I was happy to give the ‘So What’ part of the presentation as I am a person who will dive head first into anything if there is a clear and meaningful purpose. I can list many reasons why I believe in this format of professional development, but I’m not an expert, so I pulled experts where I could. Daniel Pink for motivation, Carol Dweck for mindset, Roland Barth for collegiality, and Sir Ken Robinson for teacher leadership and bottom-up approaches to things (in which he used the word ‘revolution’). We couldn’t be happier. Just for good measure, I threw in a quote by Albert Camus for people to reflect upon when they were leaving. I knew it might have been a little much, but there are those who love philosophy. Besides, the quote fit, which was what was important.

“Methods of thought which claim to give the lead to our world in the name of revolution have become, in reality, ideologies of consent and not of rebellion.”

I also agreed to try and go through our slide deck and try to give it a uniform look, while respecting the content of my colleagues. I’ll share my thoughts about Power Point in a later post, but all four of us came from the same place, so that was easy.

The four of us met several more times virtually, gave each other feedback, revised, edited, and finally met in person the day before to make our final tweaks.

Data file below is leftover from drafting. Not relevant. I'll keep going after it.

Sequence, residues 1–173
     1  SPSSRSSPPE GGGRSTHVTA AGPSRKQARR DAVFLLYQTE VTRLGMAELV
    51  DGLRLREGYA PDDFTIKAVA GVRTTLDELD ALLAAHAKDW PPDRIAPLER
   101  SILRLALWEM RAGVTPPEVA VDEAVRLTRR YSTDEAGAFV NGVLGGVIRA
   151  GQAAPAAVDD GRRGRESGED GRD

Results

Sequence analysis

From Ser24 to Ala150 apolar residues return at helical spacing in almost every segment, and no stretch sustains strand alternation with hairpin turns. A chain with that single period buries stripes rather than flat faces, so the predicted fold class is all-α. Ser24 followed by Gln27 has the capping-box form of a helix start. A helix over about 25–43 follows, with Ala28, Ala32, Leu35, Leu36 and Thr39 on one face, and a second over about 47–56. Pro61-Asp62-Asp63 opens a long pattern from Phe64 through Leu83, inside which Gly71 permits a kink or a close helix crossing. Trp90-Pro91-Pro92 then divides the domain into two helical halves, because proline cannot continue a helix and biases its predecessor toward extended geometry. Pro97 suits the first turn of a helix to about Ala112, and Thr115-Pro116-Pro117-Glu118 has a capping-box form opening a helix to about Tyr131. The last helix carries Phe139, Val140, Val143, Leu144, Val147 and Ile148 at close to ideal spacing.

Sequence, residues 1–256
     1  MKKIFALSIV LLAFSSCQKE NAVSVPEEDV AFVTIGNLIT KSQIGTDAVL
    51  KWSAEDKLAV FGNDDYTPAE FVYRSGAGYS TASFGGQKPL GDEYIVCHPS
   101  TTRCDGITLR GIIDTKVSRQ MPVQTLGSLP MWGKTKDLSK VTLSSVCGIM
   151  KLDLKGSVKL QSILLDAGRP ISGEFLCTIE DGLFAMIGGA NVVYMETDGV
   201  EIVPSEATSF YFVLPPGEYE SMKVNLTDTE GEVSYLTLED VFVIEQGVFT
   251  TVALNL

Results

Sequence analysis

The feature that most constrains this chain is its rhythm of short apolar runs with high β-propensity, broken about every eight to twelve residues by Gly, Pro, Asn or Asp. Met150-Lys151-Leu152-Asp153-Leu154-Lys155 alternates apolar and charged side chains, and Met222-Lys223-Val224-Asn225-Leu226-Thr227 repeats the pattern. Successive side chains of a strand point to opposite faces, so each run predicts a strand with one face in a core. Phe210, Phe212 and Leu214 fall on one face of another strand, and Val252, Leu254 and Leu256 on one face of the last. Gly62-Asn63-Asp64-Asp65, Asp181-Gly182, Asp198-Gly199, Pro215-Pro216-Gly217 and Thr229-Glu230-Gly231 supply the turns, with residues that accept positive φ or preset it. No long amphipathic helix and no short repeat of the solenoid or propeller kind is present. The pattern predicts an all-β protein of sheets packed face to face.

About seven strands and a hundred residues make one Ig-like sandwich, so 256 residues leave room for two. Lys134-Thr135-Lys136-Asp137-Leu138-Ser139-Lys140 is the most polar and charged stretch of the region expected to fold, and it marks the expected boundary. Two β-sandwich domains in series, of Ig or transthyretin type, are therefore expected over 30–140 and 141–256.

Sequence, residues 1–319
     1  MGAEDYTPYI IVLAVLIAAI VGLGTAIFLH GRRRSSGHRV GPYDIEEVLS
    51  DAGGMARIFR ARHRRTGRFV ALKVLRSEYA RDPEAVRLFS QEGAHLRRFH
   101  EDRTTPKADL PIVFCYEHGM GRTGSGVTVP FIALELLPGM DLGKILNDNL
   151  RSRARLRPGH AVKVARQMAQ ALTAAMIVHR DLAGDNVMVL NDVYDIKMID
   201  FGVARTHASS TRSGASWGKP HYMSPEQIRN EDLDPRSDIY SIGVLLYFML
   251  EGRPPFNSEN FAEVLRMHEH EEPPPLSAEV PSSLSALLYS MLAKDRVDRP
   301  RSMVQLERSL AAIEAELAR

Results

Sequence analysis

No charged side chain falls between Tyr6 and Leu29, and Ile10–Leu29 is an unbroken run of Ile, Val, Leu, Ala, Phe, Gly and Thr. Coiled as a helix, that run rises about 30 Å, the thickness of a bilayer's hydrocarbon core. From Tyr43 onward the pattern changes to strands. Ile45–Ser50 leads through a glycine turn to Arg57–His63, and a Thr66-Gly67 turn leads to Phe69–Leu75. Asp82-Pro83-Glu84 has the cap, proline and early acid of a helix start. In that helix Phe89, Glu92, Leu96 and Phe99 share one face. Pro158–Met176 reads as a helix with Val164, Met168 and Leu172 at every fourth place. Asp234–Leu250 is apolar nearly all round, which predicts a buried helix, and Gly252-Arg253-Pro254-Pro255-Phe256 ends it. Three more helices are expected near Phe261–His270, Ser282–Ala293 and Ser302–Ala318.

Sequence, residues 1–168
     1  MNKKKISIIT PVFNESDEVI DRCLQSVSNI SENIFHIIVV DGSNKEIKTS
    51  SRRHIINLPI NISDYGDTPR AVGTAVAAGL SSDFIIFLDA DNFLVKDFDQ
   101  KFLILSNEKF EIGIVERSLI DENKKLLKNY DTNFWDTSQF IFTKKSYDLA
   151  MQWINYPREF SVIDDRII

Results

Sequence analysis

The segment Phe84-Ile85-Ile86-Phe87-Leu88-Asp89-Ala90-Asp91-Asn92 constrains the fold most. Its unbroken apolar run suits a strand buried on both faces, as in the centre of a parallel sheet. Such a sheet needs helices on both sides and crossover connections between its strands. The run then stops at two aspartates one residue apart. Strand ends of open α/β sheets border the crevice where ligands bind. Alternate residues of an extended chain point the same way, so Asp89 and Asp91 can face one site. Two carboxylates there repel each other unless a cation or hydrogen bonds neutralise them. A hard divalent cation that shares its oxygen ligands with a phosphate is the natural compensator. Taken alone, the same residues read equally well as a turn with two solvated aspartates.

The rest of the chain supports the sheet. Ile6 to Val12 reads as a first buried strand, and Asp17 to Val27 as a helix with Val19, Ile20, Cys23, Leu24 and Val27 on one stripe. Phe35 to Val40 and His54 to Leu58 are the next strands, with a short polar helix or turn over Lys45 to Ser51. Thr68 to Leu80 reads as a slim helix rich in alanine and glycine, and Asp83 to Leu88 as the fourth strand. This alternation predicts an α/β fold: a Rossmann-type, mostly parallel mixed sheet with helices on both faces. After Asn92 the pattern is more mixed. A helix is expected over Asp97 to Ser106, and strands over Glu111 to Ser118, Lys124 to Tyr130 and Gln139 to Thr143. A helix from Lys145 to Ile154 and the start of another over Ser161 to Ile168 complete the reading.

I have to say, I was anxious. Public speaking is not my strength, but I believe strongly that I  have to push myself to do what I ask my students to do. I also believe that in order to get better at it, I have to do it.

Well, I’m glad I did it. To spread the word of something I believe in, to collaborate with such amazing educators, to push myself to try something new, to have my school recognized, and to learn, I’d do it again in a heartbeat. I’m glad to be back in my classroom, but glad to know when I say to my students, “I know what I’m asking you to do is hard, but it’s rewarding,” I can say so truthfully.

Thanks to Kim and Shannon for uploading our slides.

Inspire Life-long Learners by Being One

Today, I had the added privilege of presenting at the conference and was both humbled and honored with the opportunity to do so. I’m also amazed at the kinds of innovative success stories that are being shared. I am learning plenty!

Needless to say, after day 1, I’m completely exhausted, but I thought I’d try writing about the first session I attended: ePortfolios – Teaching Children to Curate and Manage Their Digital Footprints.

Right now, student work is celebrated on bulletin boards, when parents visit classroom events, uploaded to the class website, and by sharing it with each other.